Chinese Vice Premier Liu He and US President Donald Trump show the signed documents after they ink a trade agreement between China and the US in the White House in Washington DC on Wednesday morning (US time). (Photo: AFP)
China promised a $200 billion increase in purchases of US goods and services over two years. China's trade surplus with the US is indeed too large. Much of China's foreign currency has been spent on purchasing US treasury bonds. This is not an ideal trade-financial structure in the long run. Moving toward a trade balance is a healthier direction for China-US economic cooperation.
Because of China's enormous trade surplus, the US has used it as a political weapon against China. Expanding the amount of imports from the US is a process to dismantle this weapon. The increase in Chinese imports from the US means that more weapons to counter the US will be held in our hands.
In the past, China imported more than $20 billion worth of agricultural products from the US in one year. When China suspended purchasing those goods, it exerted great political pressure on the US. When China's purchase of these items reaches over $40 billion, the US will be further tied up.
China needs to work hard to implement the additional $200 billion in imports from the US in the next two more years. The US should also cooperate fully to provide products that the Chinese market really needs and are competitive in price.
China is already a market economy. Most import companies are private, and many are foreign-funded. The Chinese government cannot give orders to these companies. In addition, consumers will not buy products out of political considerations. The US is clear about all of these facts.
If the US sells its products by force, and the Chinese government buys useless products, then high-quality products from other markets such as Europe, Japan and Southeast Asia are squeezed out of the Chinese market. This would violate the WTO rules.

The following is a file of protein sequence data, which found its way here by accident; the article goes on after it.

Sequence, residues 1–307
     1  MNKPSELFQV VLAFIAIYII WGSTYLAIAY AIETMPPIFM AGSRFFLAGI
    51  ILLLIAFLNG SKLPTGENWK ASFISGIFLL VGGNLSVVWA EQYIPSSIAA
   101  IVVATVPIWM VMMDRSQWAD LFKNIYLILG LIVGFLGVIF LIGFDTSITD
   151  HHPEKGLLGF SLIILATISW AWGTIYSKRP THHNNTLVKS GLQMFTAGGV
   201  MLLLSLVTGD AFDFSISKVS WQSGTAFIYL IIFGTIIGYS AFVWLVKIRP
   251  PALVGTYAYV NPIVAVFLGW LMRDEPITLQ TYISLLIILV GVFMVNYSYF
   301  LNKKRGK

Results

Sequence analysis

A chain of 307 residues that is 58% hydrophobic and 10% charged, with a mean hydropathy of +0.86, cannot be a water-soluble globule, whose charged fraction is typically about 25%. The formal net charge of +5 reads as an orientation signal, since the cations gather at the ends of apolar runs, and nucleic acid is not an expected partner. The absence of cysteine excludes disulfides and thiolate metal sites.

Therefore, substantially increasing China's imports of US goods can be a greater challenge to the US than to China. If US companies cannot deal with the challenge, US President Donald Trump's negotiating team will not save them.
Others are worried that China's economic growth is slowing down. So, where can the country find the market after expanding imports? This is the point which China needs to push itself. As long as it can further expand its consumer market, with its economy performing in a normal way, it can accommodate these expanded imports. The yuan will likely gain against the dollar in the next two years. This will make it easier for China to expand imports from the US.
The phase one trade deal is consistent with the general direction of China's reform and opening-up. The deal promotes a China-US trade balance, strengthens intellectual property protection and creates a more favorable environment for external investment, which are the directions that China must stick to during its opening-up process. The trade war is pressure, but we should try to turn it into a driving force to comprehensively deepen our reform and opening-up.
Some argue that China should have accepted all the US conditions from the very beginning. This is naïve.
During the 22 months of the trade war, China responded to the US attempt to make China give up high-tech development and made the US understand that China is not the one to be trifled with. Neither the EU nor Japan has the courage and ability to compete with the US. This will increase US expectations that China will fight back when faced with radical US policies against China.
China, at such a strategic position, is doomed to face difficulties. We should wisely and firmly deal with the uncertain China-US relations.